The Jewish Outdoor Leadership Institute (JOLI)
|Session 1||June 18 – July 17||$4,800|
|Session 2||July 19 – August 15|
Please check our Dates and Rates for updated availability.
PLEASE NOTE: All applicants will be asked to write an essay and be interviewed by one of our staff, to ensure the program is the right fit for each applicant.
The Jewish Outdoor Leadership Institute (JOLI) at Ramah in the Rockies trains Jewish teens (entering 11th &12th graders) to become competent and confident outdoor leaders. JOLI participants spend about half of their time living alongside others on the Ramah in the Rockies ranch, and half of their time backpacking through the Rocky Mountains backcountry. Participants live in their own tent with a counselor but share facilities with chalutzim at Ramah in the Rockies.
What is the goal of JOLI?
JOLI is an intensive Jewish Leadership program. It is the culmination of the Ramah in the Rockies where participants learn both soft and hard skills about being passionate outdoor Jewish leaders. (Hard skills refer to skills needed to survive in the outdoors; soft skills refer to general leadership and communication skills learned in the outdoors but applicable to your lives back home). Participants have opportunities during their third and fourth weeks at base camp/chava/the ranch to practice as future madrichim (counselors) and mumchim (specialists). While first time participants are welcome (and about 20% of our participants are usually with us for the first time), the program is geared towards those who have come up through the Ramah in the Rockies system. And of course, even more so than any other program at Ramah, JOLI infuses Jewish texts, values and traditions seamlessly into ALL aspects of the program.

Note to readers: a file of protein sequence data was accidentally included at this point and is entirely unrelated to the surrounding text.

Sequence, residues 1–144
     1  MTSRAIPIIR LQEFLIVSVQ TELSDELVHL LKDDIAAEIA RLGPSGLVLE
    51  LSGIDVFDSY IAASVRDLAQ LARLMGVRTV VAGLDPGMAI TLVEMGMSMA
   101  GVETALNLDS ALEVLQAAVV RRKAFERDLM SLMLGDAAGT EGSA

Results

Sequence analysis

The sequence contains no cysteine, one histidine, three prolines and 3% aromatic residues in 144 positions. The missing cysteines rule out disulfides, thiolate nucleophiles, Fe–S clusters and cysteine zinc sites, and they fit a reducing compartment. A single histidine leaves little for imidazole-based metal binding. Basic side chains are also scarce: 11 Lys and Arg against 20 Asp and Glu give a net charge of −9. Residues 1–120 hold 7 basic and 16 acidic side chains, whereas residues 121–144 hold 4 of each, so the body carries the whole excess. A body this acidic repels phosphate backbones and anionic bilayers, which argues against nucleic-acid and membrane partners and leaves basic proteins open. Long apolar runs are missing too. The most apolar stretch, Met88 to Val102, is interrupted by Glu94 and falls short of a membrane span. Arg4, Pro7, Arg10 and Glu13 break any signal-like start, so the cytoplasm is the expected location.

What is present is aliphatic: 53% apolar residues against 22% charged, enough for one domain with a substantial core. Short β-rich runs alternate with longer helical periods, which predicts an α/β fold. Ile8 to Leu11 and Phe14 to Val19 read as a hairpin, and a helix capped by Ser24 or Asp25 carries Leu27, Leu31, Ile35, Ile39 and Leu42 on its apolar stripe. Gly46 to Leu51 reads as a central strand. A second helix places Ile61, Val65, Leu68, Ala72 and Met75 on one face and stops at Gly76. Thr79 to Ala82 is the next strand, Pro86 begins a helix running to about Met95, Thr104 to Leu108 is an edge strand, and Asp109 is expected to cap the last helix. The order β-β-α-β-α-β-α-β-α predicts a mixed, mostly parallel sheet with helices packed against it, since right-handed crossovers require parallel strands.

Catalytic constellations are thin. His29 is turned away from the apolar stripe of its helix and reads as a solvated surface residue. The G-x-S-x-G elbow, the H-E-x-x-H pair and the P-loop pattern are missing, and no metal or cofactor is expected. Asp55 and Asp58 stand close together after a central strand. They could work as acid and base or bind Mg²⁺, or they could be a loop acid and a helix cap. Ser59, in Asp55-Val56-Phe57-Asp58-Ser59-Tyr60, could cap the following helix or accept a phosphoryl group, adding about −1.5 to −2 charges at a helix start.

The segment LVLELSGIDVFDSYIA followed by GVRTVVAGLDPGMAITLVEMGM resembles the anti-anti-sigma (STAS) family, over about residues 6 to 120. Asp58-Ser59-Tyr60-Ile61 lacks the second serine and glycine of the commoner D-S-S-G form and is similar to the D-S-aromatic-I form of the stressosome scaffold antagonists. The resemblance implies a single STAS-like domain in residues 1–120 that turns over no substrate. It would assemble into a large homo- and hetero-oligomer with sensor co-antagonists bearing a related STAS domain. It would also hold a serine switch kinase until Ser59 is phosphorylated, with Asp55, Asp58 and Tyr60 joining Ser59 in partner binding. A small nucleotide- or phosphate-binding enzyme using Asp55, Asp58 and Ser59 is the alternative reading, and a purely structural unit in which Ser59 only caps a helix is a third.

Is JOLI the same as third year Bogrim?
Absolutely not! JOLI have opportunities to be leaders much more so than the Bogrim chalutzim do. This is true on the masa’ot and also at the chava. Not only are the masa’ot more challenging, and take place in areas of Colorado where we do not usually send our younger chalutzim, but they are designed to teach you how to navigate and survive in the alpine wilderness. In fact, the second masa is entirely led by the JOLI participants, with the madrichim present only if real emergencies arise. At the chava, JOLI participants spend more time in advanced training from learning Wilderness First Aid to apprenticing in a specific program area to planning their own peulot to being CITs for the younger chalutzim.
What are some of the highlights of JOLI?
When speaking with JOLI graduates, they often say the whole month was a highlight! Drill down into this statement and a few consistent answers emerge: spending twelve hours alone in the woods on the daytime solo; planning and executing their own masa; being captains & judges for yom sport; working with the younger campers and knowing that you are having a profound effect on them; developing deep relationships with the other JOLimers; apprenticing in a specific program area and really experiencing what it is like to be a tzevet members.